Despite being arguably the best league in the world, the LFP (Liga de Futbol Profesional) has come under scrutiny in recent weeks after a number of unusual decisions from both their referees and President.
While it may seem the concept of blaming referees for undesirable results is an all-too-common excuse for clubs to use, it has been a consistent topic in Spain and with good reason.
It has become evident that the Spanish referees are very strict on rough play, but the problem is the consistency of the calls. Perhaps it is because each official has a different level of leniency so it is difficult for the players to continuously readjust the scale of their physicality.
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This becomes a problem when the referee's decisions overshadow the game and the players performances. The majority of post-game conferences have revolved around dubious decisions and penalty calls. While this is usually common on occurrence, it has become a daily discussion in Spain.
Verbals are also something that have caused a lot of trouble in Spain. It seems as though it is only in La Liga where fans have witnessed their players being given a direct red for speaking to the referee. Players are allowed to speak and exchange as many verbals with each other, but when it turns to the referee, it is only then when the officials take action.
Asides from the constant dubious decision making from the LFP Referees, we have also witnessed much controversy from the President of La Liga, Javier Tebas Medrano and his association.
Tebas has lost much of his credibility after a corruption scandal took place just before the Clasico in November. A linesman (who chose to remain anonymous for security reasons) who was scheduled to officiate the world-renowned rivalry reported to anti-corruption authorities that the designated referee was asked to "prejudice the interests of one of the clubs involved, Barcelona".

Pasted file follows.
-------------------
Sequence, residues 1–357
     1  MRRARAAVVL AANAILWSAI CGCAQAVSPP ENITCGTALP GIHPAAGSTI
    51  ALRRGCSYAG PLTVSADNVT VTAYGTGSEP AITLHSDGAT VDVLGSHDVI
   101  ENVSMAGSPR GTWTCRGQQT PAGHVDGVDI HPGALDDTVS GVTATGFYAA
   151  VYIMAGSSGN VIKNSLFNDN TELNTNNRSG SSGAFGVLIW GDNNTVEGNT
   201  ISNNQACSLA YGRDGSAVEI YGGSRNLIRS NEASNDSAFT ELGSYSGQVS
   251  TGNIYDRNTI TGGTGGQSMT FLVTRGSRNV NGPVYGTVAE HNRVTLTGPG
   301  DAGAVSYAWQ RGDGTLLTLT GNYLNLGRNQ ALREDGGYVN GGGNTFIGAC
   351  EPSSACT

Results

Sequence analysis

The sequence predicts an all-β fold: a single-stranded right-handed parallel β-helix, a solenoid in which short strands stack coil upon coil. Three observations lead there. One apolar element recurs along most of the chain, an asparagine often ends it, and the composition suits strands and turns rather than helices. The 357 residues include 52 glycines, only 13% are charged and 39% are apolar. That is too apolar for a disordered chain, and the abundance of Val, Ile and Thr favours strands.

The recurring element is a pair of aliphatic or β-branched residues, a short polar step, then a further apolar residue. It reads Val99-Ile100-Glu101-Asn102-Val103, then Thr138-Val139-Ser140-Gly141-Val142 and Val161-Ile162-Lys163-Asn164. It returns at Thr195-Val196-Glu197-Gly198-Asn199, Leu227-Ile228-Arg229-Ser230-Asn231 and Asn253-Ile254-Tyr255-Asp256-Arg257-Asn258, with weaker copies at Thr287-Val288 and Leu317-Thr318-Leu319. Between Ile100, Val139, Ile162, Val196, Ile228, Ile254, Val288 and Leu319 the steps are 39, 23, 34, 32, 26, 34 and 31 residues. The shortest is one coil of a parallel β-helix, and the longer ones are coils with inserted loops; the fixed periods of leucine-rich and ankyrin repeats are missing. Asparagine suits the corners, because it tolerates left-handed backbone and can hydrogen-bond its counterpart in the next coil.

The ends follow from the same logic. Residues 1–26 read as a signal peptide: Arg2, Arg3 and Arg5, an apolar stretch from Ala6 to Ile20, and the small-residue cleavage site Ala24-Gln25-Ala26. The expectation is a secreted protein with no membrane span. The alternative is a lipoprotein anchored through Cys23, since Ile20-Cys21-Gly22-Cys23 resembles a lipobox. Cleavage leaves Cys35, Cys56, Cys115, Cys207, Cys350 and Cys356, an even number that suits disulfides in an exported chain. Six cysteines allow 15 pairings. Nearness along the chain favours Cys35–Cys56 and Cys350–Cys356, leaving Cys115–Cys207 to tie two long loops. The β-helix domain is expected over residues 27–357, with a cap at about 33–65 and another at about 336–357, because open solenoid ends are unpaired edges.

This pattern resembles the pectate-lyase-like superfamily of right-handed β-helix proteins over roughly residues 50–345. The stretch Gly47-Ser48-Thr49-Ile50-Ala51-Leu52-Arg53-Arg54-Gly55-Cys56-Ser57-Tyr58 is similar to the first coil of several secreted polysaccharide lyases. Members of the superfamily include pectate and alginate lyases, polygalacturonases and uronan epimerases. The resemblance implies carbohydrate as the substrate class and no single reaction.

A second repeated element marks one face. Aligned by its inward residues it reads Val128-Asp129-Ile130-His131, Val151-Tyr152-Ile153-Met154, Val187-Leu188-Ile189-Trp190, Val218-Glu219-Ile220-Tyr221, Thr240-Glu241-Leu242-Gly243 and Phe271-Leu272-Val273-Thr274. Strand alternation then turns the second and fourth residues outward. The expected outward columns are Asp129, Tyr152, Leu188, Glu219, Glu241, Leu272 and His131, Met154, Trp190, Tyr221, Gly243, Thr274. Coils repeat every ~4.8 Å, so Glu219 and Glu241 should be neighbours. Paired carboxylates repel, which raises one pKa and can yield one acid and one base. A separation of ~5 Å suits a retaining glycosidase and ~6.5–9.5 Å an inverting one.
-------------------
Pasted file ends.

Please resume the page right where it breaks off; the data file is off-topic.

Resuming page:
The report filed by the linesman also mentioned that his position would be at risk if he did not follow the instructions. This was also not the first time a match official reported pressure to support Real Madrid.
Javier Tebas has previously admitted he has been a long time supporter of Real Madrid but has consistently stated that and as he continues to openly discuss his passion for Los Blancos, it has simply added more fuel to the fire as conspiracy theorists discuss a potential corruption scandal.
Tebas has also come under scrutiny after discussing future plans for the division. Whilst La Liga is among the strongest and most viewed leagues in the world, it still very much remains in the shadows of the Premier League's income and international TV revenue. His plans of allocating a few league games to be played outside of Spain (likely in a growing Asian market) have been controversial to say the least.
La Liga is also one of the few major leagues in Europe to have not yet implemented Goal-Line Technology in their games. This only leads to more controversy and pressure on the match officials.
It is important for a league as influential as the Spanish First Division to maintain its credibility and entertainment value. This is especially true when the league is still trying to grow internationally and increase it's revenue. It is in the interest of every football fan that 2016 is the year Tebas can finally maintain some consistency and regain his, and the league's credibility.
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